If you think that your company could benefit from Artificial Intelligence and Machine Learning applications, the first step is to find a team that can help you solve your problem. The following are six questions you should ask a Machine Learning consultant to determine if they’re the right team for you:
1. Do I even need Machine Learning?
The truth is that AI, Machine Learning, or any other buzzword you may use, is not the cure for all of the world’s data problems. Run, don’t walk, away from anyone who promises that it is.
When implemented properly, Machine Learning plugins can increase the productivity of your employees by 2x or 3x. These results have been achieved by many of our clients and in this article, we will show examples of how it can be done.
We like to think of an AI system as a friendly sidekick that can solve a clear task, such as automatic article recommendation, detecting objects on an image or financial risk prediction.
A good Machine Learning consultant will first assess whether you actually need Machine Learning. They’ll determine whether you’re likely to get a return on your investment (ROI).
We speak to a lot of people and quite often we talk them out of building an AI solution – even though it might mean business for our company. For instance, early-stage startups don’t need AI until they reach a critical mass of users.
A good rule of thumb for whether you need an AI solution is: do you have a well-defined data processing problem that is important for you to solve? Can you quantify the benefits (monetary or otherwise) of solving it?
If you’ve established that building an AI solution is indeed for you, read on.
2. Is your expertise a match for my problem?
There are various domains where Machine Learning can be applied. Working with images and text requires different expertise and a different approach. While some algorithms/techniques overlap and are domain agnostic (e.g. LSTM design can be used to work with both text and image sequence data), there are substantial differences depending on whether you’re working with tabular data, text or images.
For example, a good Machine Learning specialist for image processing should also understand the general challenges with computer vision – he/she should know when to use OpenCV versus Deep Learning, how to observe underfitting/overfitting on the evaluation dataset, and how to perform augmentation.
However, a robust Natural Language Processing (NLP) specialist needs to understand things like how grammar works, how text is composed, and what embeddings are and how to build them. He also needs to be familiar with stemming, recurrent deep learning algorithms, and boosting techniques.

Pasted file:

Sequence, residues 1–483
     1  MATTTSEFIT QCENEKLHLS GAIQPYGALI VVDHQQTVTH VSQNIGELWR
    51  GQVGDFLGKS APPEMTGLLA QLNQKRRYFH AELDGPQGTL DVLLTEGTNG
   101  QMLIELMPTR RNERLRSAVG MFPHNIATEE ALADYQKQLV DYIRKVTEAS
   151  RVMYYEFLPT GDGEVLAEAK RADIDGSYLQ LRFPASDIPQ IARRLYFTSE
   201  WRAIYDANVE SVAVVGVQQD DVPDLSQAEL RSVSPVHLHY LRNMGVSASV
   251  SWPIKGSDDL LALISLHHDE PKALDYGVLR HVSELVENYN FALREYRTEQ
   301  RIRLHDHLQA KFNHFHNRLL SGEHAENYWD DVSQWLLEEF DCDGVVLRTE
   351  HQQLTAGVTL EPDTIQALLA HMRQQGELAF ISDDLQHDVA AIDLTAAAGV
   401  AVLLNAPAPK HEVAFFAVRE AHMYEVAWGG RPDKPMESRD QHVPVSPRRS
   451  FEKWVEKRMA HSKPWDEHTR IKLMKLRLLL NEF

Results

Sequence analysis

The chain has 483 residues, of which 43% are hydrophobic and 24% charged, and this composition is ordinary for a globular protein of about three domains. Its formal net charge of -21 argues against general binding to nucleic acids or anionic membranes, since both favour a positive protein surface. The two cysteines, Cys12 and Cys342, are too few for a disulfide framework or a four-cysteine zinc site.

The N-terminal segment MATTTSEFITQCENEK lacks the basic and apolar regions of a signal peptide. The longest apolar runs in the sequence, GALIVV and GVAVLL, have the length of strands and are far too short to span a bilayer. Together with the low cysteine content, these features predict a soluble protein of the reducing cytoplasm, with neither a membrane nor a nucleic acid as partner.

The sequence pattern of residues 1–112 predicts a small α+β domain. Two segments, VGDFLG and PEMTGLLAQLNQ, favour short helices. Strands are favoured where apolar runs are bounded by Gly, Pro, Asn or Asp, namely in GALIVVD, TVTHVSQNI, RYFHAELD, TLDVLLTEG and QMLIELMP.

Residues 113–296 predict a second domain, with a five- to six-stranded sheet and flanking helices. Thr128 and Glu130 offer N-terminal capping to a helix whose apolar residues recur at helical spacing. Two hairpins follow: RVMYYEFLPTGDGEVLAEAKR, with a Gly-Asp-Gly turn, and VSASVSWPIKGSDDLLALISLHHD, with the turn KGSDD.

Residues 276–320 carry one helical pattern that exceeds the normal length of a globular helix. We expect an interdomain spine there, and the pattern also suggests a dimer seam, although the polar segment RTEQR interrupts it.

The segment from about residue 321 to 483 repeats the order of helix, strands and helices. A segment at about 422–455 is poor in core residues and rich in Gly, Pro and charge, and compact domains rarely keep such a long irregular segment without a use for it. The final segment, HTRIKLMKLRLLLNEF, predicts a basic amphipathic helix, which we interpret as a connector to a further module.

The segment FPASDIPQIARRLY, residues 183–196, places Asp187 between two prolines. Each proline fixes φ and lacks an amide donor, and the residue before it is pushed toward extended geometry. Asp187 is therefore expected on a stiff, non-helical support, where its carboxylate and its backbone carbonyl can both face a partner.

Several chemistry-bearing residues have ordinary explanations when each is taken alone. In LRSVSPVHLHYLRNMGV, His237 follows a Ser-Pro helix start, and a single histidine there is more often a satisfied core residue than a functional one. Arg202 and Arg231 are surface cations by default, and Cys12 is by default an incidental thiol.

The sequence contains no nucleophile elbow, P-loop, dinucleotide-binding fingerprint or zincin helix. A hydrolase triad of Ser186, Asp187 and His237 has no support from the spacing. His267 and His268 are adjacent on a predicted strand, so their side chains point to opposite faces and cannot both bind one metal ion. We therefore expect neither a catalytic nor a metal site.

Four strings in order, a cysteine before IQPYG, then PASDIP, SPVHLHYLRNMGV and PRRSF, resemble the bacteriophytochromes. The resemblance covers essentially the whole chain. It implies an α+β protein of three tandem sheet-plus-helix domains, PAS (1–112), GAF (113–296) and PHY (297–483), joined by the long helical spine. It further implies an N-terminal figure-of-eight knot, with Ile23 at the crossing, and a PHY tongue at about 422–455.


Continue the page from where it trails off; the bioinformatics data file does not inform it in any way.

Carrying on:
3. Do you have general programming skills? Can you build, deploy and maintain a scalable solution on the Cloud?
It depends on your needs, but it’s somewhat likely that after you build your Machine Learning model, you’ll want to be able to plug it into your existing application. Deep Learning requires GPU to run efficiently, and scaling models requires expertise.
A lot of Machine Learning consultants have a solid math background, but not much expertise in large-scale, or GPU programming. It’s better to be a specialist than a generalist, but you’ll need someone to build end-to-end Machine Learning pipelines. You can read our Case Study to understand how we build such pipelines as well as see some code samples.
4. Are you up-to-date on the latest, cutting edge scientific literature? Do you have expertise in Deep Learning?
While Deep Learning isn’t always applicable (and arguably not even in most cases), it is an essential technique to consider especially when working with unstructured data.
We define “unstructured data” as “easily understandable by humans, but not by computers” – examples would be images or text. While Deep Learning has delivered groundbreaking results and almost entirely solved tasks like image classification or object detection, it still requires serious expertise to work with.
5. Is your experience commercial or academic?
Machine Learning is by far the most heavily researched field of Computer Science at the moment. It has brought together the world’s sharpest minds – the brightest mathematic and computer science researchers – to focus on this one area for the foreseeable future.
While strong technical skills and analytical thinking are essential prerequisites, there’s more required than that. Not many ML scientists have had an opportunity to work on analyzing, solving and successfully deploying a Machine Learning-based solution for a client.
An ideal ML consultant has experience in approaching problems with both scientific curiosity and business dexterity.
6. Does your consultant take security & encryption seriously?
Is your firm processing sensitive data worth hundreds of thousands of dollars? Does your project involve working with government data? What would it mean for your firm if that data was compromised?
A system is only as strong as its weakest link. This means you need to do everything you can to protect it.
For example, if a consultant considers SSL as the only requirement necessary to achieve security, you should dismiss them immediately. SSL is just the starting point (along with VPN, database encryption, monitoring & auditing) – you need much more advanced methods to achieve reliable security and every good consultant knows this.
You also need strict, relentless people procedures to increase your chances of being safe.
When it comes to data, there’s no simple one-size-fits-all.
It’s hard to find one person that can have all qualities, and that’s why we assembled a team to solve the world’s most challenging data problems, and to a great success.
If you’re curious to learn more about Sigmoidal, click here.